Chinese laborers who built the Trans Canadian railway have a secret history in World War I
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The largest ethnic minority group to serve in the war effort, their involvement is a little known fact. In non-combat roles, the Chinese Labour Corps served to cut down trees, repair vehicles and machines, maintain airfields and work on railways - much like their predecessors did on Canadian trains.
One reason the involvement of the Chinese Labour Corps is such a little known fact is the secrecy involved in their transport across Canada. During the time, the Canadian government was imposing a head tax on all Chinese immigrants. Afraid that men would sign up for the Corps simply for a free ride to Canada, they were locked in traincars under armed guard immediately after arrival, making the train trips across Canada in complete isolation.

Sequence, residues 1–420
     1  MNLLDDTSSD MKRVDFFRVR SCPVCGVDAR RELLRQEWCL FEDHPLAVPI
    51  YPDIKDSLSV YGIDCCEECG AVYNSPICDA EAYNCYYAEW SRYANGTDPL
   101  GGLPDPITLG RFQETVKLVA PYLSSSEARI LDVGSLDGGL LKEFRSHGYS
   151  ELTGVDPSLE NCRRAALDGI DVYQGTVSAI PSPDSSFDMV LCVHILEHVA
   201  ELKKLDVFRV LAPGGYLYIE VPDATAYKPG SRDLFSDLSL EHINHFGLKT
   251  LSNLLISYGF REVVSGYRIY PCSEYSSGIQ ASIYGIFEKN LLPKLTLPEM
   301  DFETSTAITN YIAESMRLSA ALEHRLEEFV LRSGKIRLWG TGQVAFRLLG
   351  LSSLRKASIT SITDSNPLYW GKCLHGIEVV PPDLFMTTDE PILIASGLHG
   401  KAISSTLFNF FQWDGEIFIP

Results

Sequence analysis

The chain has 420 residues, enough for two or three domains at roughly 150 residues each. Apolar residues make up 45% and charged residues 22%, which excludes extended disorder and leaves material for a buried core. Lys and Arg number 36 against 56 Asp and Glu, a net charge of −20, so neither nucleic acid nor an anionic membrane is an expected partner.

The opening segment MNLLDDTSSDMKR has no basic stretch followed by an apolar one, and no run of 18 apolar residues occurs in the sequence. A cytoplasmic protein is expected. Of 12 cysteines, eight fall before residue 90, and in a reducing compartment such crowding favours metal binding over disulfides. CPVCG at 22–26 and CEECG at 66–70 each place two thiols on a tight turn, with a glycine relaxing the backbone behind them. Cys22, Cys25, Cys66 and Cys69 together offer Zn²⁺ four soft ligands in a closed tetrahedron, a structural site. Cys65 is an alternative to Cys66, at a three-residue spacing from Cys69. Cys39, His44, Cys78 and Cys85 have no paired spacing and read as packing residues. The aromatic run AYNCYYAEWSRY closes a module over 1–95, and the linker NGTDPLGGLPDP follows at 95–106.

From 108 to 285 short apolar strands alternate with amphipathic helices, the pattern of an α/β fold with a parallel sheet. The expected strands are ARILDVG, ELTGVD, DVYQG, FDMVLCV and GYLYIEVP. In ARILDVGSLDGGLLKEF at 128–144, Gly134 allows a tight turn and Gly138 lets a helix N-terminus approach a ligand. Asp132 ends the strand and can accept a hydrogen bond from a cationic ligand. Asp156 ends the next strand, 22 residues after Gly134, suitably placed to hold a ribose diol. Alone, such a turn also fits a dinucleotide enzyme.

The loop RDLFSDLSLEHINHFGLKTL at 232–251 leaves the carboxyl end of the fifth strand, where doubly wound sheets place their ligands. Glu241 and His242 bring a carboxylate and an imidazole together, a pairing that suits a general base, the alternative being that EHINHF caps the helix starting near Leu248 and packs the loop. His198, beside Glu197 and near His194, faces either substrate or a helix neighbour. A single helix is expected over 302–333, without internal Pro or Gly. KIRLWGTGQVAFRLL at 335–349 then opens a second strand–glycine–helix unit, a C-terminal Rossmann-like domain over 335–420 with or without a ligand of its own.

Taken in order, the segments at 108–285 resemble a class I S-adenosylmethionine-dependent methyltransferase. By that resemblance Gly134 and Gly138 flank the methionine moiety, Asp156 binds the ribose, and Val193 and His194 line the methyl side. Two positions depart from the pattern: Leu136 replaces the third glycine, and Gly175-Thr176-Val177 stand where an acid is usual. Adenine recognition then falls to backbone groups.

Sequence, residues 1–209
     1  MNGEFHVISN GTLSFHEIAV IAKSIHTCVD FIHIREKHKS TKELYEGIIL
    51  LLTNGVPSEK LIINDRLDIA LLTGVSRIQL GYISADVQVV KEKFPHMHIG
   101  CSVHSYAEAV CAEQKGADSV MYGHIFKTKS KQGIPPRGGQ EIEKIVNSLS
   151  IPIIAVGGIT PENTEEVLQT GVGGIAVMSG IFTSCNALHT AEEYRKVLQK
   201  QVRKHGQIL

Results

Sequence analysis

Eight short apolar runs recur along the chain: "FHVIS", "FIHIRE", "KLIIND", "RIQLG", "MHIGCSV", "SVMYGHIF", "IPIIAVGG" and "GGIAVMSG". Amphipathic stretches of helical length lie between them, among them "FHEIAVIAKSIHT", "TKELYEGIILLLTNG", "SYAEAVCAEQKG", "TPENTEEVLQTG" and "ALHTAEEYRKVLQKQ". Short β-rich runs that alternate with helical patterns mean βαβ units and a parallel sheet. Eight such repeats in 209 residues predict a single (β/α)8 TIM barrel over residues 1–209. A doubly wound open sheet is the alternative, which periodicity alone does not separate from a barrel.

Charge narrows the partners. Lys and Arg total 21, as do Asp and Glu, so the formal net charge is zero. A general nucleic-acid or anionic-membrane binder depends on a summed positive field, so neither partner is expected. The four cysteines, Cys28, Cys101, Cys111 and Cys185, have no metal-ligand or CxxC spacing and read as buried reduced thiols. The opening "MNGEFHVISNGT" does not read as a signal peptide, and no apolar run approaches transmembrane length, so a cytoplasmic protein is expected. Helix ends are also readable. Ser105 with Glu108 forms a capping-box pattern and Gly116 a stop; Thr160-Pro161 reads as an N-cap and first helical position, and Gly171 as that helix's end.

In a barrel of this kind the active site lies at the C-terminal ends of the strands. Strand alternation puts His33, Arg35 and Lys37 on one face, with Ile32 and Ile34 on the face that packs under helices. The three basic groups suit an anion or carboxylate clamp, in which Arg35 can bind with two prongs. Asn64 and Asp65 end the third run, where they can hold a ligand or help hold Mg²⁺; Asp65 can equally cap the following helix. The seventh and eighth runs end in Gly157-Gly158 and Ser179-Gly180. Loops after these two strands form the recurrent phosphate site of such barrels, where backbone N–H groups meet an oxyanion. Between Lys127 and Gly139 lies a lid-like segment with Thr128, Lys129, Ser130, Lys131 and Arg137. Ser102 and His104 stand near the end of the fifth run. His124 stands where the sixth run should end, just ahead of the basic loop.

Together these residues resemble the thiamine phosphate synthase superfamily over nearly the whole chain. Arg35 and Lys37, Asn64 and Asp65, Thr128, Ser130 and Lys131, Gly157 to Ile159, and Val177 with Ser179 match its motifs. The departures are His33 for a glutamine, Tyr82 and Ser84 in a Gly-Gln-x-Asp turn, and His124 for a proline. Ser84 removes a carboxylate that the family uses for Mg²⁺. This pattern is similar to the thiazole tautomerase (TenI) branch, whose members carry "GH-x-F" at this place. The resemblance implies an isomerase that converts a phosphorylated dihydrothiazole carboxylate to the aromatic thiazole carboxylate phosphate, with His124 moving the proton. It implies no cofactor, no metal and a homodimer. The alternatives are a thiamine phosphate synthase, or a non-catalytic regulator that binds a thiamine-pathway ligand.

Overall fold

In Belgium and Northern France, travelers can see around 2,000 graves marked with Chinese script mingled in with the British, German and French graves throughout the cemeteries - one of the only testaments to the Chinese Labour Corps' important involvement in the war effort.